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Suffolk's 'Quiet Man' is leaving the legislature after 13 years

Legislative counsel George Nolan will become a state Supreme Court Justice on Jan. 1

Suffolk Legislative Counsel George Nolan earned praise for

Suffolk Legislative Counsel George Nolan earned praise for his fairness and knowledge from both Democrats and Republicans. Photo Credit: Barry Sloan

For the past 13 years, George Nolan has been Suffolk’s Legislature’s “quiet man.”

As legislative counsel, Nolan, 60, has sat at the right hand of three successive presiding officers, providing legal advice and drafting local laws and resolutions for all 18 Republican and Democrat lawmakers. In that time, he has taken part in more than 200, often marathon meetings, along with more than 1,000 committee meetings and caucuses. As of Jan. 1, Nolan will cap his career by becoming a $208,000-a-year state Supreme Court Justice.

“I have to confess I was feeling melancholy about leaving the legislature,” Nolan deadpanned at a farewell ceremony last week, “But after  sitting through my 23rd pet store public hearing, I started to feel a little better.” The measure passed at his final meeting last week.

Low key and self-deprecating, Nolan may be largely unsung, but he has been vital in keeping the 11-member Democratic majority calm and largely united in a body once known as the “Dodge City” of politics. “Everyone trusted him, he had the knowledge and understood the politics and importance of the institution itself," said Richard Schaffer, Suffolk Democratic chairman.

DuWayne Gregory, the current presiding officer, said he will “sorely miss” Nolan. “I’m constantly in his office asking what do you think about this or what do you think about that. And I’ve kind of learned his body language about what’s acceptable and what’s really not,” he said. Legis. Tom Cilmi, GOP caucus leader, said Nolan has been “evenhanded to both Republicans and Democrats” and more importantly, understood the “the need to have a legislative branch that is independent of the executive.”

Even GOP Legis. Rob Trotta, often the Democrats' harshest critic, lauded Nolan as “always fair and honest” and noted that Nolan warned Democratic lawmakers in 2017 that huge fees proposed by County Executive Steve Bellone might come back to haunt them. At that time, he said, “If a case is brought challenging any fee . . . and the court finds that far exceeds the county’s cost of providing the service, there’s a good possibility a court would say the fee is excessive.”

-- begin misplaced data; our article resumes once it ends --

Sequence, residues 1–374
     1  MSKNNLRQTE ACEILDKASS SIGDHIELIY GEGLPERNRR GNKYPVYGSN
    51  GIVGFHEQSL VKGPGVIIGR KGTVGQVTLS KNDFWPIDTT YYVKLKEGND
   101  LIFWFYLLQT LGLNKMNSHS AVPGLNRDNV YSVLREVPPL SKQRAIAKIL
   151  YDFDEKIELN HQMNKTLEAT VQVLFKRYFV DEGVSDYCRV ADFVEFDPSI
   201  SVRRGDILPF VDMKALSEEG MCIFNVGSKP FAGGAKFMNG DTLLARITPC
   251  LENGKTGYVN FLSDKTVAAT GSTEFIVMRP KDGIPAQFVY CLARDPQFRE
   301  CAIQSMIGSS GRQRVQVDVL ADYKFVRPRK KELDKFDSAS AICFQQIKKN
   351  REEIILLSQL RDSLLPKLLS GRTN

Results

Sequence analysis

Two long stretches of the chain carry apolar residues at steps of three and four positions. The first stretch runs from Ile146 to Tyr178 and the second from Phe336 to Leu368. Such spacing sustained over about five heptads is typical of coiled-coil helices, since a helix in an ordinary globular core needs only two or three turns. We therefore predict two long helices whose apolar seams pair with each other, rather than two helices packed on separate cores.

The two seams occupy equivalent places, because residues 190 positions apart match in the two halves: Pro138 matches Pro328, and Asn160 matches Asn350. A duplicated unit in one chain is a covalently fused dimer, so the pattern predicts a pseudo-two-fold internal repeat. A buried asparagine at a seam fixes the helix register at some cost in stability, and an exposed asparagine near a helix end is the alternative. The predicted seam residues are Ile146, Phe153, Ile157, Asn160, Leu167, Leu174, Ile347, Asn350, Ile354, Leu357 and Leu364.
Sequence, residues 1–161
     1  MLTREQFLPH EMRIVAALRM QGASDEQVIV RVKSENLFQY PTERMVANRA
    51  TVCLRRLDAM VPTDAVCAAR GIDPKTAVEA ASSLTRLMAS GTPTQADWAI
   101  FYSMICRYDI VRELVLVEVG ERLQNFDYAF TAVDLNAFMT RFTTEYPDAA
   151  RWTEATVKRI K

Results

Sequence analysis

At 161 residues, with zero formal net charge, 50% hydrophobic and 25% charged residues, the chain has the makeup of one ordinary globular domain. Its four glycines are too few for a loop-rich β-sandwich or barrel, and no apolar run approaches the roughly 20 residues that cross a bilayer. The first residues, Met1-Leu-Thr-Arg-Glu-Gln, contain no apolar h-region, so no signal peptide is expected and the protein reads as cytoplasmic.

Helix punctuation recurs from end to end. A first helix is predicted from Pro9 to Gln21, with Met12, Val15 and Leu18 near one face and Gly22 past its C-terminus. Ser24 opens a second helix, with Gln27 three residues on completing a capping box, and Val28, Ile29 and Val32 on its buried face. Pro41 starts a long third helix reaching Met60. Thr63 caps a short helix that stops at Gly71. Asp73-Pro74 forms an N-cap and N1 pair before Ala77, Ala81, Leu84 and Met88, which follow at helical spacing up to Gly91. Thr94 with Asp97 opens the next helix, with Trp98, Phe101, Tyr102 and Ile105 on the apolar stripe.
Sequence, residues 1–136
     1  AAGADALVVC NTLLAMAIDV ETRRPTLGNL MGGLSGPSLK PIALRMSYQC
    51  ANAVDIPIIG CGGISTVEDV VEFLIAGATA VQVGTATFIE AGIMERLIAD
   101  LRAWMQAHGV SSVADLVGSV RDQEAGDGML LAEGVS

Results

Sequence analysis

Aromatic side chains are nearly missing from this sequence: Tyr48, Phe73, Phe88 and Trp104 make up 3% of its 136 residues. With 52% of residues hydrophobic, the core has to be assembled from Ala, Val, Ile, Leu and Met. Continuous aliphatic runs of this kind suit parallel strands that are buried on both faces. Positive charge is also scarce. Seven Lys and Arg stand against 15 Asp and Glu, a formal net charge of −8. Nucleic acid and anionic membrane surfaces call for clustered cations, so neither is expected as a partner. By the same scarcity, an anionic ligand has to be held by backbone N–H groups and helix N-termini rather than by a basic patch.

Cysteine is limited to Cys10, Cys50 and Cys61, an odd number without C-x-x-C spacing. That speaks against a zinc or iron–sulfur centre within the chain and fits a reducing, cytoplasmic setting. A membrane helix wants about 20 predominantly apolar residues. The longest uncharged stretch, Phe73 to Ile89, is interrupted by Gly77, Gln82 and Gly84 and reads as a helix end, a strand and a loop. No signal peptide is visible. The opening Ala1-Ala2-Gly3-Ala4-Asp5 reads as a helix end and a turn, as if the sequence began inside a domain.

Nolan is scion of a prominent Democratic family.  His father, Philip, was a longtime state committeeman and an ally of the late Suffolk Democratic chairman Dominic Baranello. In 1982, George Nolan, at 23, started as an aide for his brother, Philip Nolan, when he was elected a county lawmaker and later became the legislature’s minority leader. His brother later became Islip Town supervisor and now is Suffolk OTB president.

Nolan himself succeeded his brother, serving one term in the legislature. “I like to tell people I achieved all my goals in my first term, there was no need for a second,” he deadpanned at last week's farewell ceremony. However, Nolan lost re-election in 1989 after then-County Executive Patrick Halpin proposed a 16 percent property tax hike that turned out to be 39 to 49 percent in western Suffolk and higher on the East End. 

Knowing what it’s like to be in the minority, Nolan also understood anger from the seven-member GOP caucus earlier this year when Bellone tried to strip them of their leverage to block bonding on capital projects, which require a 12-vote, two-thirds majority, by bundling those projects with others that are popular. Nolan recommended the legislature simply vote on the bonds first and only vote on the appropriation if the bond resolution is approved. Long term, the solution also will protect future Democratic legislators should they return to the minority.

After 21 years with the legislature, Nolan called being counsel “the highlight of my professional life.” He also recalled words of his father who showed up every day in January 1988, for legislative meetings when this newly elected son was part of a 9-9 deadlock on picking a presiding officer.  “He said, ‘It’s the best show in town,’ ” said Nolan. “That’s how I feel and I’ve been very happy to be a part of it.”

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